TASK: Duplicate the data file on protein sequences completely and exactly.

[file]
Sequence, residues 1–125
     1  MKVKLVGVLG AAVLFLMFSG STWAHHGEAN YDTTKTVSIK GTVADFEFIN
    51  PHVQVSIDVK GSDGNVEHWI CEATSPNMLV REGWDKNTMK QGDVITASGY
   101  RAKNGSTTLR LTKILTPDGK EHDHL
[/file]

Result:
Sequence, residues 1–125
     1  MKVKLVGVLG AAVLFLMFSG STWAHHGEAN YDTTKTVSIK GTVADFEFIN
    51  PHVQVSIDVK GSDGNVEHWI CEATSPNMLV REGWDKNTMK QGDVITASGY
   101  RAKNGSTTLR LTKILTPDGK EHDHL